By Tenzing Syelneon, Waterkeeper Alliance volunteer
Rajendra Veer Singh Chauhan, the Lower Betwa Riverkeeper, was born in the small village of Ujneri, two kilometers from the river. During his childhood, farmers brought their water buffalos to the river for baths.
He could see a herd of water buffalo, led by a small boy riding the lead with a thin bamboo stick in his hand. With every step of their hooves, as they entered the water, Rajendra could see the pebbles shift on the river bottom. As the herd descended to the deeper parts of the river the boy would swim off the water buffalo and start bathing his unusual group of friends.
When the summer sun had exhausted Rajendra, he would bend down and cup the water with his hand to drink. Others along the banks would just jump in.
“I don’t recognize the Betwa anymore,” Rajendra says now. “There is little resemblance between the Betwa from my childhood and the Betwa now.”
The Betwa now suffers low water levels, due to upstream dams and heavy sand mining. As more sand is removed for construction, the water level falls, and the river can no longer clean itself or sustain villages along its banks.
The little water that still runs through that stretch of the Betwa is mixed with sewage from the cities of Hamirpur, Jashi, and Bhopal, factory waste from industry along the river, garbage, and human bones from cremation.
Water shortage is the biggest problem affecting India. Big cities are not affected as much, because they are supported by government water supply, but villages and districts like Ujneri and Hamirpur suffer because municipal pipes do not reach everyone. Since water from the Lower Betwa isn’t clean enough to drink, villagers’ only option is groundwater.
However, demand for groundwater is high, and the first strata, 100 feet to 150 feet down, has already been depleted. Hand pumps are now drawing from the last strata, sitting about 300 feet below the surface.
Rajendra is also working with local villages and districts like Ujneri and Hamirpur to educate villagers on water scarcity, the importance of refilling groundwater, and ways they can do so.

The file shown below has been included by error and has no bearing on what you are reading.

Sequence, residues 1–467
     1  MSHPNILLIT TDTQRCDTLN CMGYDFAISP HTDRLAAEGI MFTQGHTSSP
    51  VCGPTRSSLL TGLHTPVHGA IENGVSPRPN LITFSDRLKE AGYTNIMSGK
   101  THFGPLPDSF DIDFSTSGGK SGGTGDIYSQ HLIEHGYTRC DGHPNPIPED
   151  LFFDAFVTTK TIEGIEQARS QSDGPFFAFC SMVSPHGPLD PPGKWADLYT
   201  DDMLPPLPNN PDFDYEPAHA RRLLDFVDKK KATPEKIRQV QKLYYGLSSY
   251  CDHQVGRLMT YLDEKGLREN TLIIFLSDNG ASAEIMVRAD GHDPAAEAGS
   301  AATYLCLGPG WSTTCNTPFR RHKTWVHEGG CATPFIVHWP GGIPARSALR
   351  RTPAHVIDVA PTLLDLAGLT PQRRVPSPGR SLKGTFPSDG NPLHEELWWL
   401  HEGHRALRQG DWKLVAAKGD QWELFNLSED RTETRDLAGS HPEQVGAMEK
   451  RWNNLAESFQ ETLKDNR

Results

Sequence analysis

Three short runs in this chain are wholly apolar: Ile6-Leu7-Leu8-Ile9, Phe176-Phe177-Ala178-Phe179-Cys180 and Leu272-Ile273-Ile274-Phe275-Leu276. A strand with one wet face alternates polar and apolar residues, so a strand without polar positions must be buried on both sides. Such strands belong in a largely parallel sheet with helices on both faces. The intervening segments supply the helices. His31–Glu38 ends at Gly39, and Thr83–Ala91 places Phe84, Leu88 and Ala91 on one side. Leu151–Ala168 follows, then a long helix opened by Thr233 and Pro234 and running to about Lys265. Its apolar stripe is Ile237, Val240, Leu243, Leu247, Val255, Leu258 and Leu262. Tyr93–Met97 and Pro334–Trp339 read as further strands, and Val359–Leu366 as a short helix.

The government is trying to refill groundwater by digging holes where rainwater can collect and filter to the reservoir. Villagers in ten villages are also keeping buckets under their gutters, taking the full buckets to ponds and lakes after rainstorms.
People are changing their habits. People who “needed three buckets to bathe have been cleaning themselves with just one,” Rajendra says. People have also cut back on how much water they use to wash their clothes.
Rajendra is also planting trees. When he started in 2014, it was a lonely practice, but “when people saw me planting trees they joined,” he says. Rajendra and his team of 30 people were able to persuade the district forest department to finance saplings for a kilometer-long walkway in the Hamirpur section of Yamuna River, which feeds the Lower Betwa.
So far, Rajendra and his team have planted 2,500 trees on what villagers call the Yamuna Paripath, or Yamuna Pathway. The local city government provided garbage and recycling bins for the Paripath; approximately 1,000 people use it every day.
Rajendra believes that as people interact with the river they will grow attached to its beauty and its role in their lives.
“If people have a connection with the river, only then will we be able to find people to support the movement,” he says. He is also appointing parents for trees and saplings, caregivers who will water and protect them as they grow.
He hopes to see the river become a river again.
“The river of my childhood is gone, it won’t come back,” Rajendra says. “But I would like to at least make it clean and accessible.”